Teaching the Foundation Stage
|Publisher||Exeter: Learning Matters|
King Alfred's College, Winchester
|Review published||1 December 2004|
This is another excellent addition to the Meeting the professional standards for QTS series. The series structure is immediately accessible to a busy student and has the air of a professional briefing. Each chapter is tightly focussed on a particular area. End of chapter summaries are provided which allow the reader to search for a particular point remembered. There are frequent classroom stories which give evidence of behaviour or learning from the classroom, and are immediately approachable to the developing professional. There are frequent practical tasks, allowing the student to apply what they have read and to relate it to their own learning. This encourages the independent learning which will be essential in a career where so much CPD is managed independently by the professional.
The book contains articles by the tutorial team at Manchester Metropolitan University and is edited by Iris Keating, an Early Years practitioner, currently leading CPD in her area. The chapters are:
The Foundation Stage and meeting Early Learning Goals
Working with parents and other carers: enhancing learning opportunities
Roles and responsibilities of other professionals in the lives of young children
Planning to meet the physical and creative development needs of young children
Developing children as independent and confident learners: personal, social and emotional development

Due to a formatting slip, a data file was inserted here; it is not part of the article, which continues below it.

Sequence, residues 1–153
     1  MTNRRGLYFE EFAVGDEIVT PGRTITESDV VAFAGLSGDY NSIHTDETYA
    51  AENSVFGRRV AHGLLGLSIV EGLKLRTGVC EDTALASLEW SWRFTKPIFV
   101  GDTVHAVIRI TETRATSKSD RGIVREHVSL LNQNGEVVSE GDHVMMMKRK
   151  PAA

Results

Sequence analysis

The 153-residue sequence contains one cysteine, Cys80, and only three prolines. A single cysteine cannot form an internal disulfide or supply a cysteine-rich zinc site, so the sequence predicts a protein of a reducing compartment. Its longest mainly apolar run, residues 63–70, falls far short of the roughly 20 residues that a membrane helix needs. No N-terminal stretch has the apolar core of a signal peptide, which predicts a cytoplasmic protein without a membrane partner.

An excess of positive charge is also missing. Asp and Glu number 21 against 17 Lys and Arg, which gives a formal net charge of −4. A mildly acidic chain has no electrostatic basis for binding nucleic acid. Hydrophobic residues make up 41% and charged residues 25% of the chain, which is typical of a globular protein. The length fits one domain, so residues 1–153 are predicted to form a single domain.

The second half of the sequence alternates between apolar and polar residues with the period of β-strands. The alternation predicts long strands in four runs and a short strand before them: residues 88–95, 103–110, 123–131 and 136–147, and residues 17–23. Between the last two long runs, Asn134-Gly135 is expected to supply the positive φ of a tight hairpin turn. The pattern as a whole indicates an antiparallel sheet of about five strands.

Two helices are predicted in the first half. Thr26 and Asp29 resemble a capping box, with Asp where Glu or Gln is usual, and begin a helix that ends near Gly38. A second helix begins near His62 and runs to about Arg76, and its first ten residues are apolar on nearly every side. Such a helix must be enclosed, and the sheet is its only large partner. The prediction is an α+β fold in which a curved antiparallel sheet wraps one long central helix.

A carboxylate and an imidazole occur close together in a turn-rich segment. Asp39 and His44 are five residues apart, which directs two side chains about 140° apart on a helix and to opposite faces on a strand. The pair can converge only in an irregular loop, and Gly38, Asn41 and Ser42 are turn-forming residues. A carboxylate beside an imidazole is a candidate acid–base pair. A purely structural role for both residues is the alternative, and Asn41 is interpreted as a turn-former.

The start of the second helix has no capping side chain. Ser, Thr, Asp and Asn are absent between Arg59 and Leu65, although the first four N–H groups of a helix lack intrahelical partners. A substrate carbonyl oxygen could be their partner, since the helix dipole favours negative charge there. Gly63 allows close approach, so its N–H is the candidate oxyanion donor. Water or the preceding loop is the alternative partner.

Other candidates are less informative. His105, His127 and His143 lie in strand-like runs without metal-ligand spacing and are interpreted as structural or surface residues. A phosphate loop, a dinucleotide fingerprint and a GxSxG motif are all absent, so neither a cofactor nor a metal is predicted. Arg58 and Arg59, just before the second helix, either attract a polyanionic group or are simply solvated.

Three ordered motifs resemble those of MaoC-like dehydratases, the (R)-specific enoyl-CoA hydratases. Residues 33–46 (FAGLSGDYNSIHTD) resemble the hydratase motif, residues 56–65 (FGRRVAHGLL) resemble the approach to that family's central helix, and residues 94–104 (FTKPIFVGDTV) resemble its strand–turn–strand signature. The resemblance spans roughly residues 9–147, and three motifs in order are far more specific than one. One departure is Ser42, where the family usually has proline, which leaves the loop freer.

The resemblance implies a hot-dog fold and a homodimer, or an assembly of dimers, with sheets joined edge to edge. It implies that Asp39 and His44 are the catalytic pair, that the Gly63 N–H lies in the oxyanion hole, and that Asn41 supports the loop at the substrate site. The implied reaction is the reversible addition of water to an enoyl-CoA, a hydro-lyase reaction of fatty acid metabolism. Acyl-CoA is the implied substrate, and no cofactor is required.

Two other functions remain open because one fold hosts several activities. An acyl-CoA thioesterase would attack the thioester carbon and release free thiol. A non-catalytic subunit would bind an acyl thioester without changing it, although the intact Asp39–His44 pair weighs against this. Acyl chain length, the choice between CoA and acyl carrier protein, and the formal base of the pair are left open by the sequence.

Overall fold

Communication, language and literacy
Developing mathematical understanding and the foundations of numeracy
Knowledge and understanding of the World
ICT in the Foundation Stage
Monitoring Assessment, Recording, Reporting and Accountability
What makes an effective Foundation Stage Teacher?
This structure outlines how the Foundation stage works, and the extent to which all adults contribute to the lives of young children. It then explains each of the areas of learning in the Early Learning Goals. IT is refreshing to see that there are areas of children's development which are introduced before literacy and numeracy. The emphasis is very much upon the whole child. There are clear outlines of principal areas of current thinking, with frequent useful references for a busy teacher to follow up. Contrasting views are presented, which is broadens the range of thinking to which students are introduced. The text is clearly laid out and subtitled which makes it very easy for any student to use it to take notes.
I would recommend this book as a key text for any initial teacher trainee. It is provides an excellent introduction to the foundation stage for any primary teacher. It also provides sufficient detail to act as a core text for the early years specialist to work from.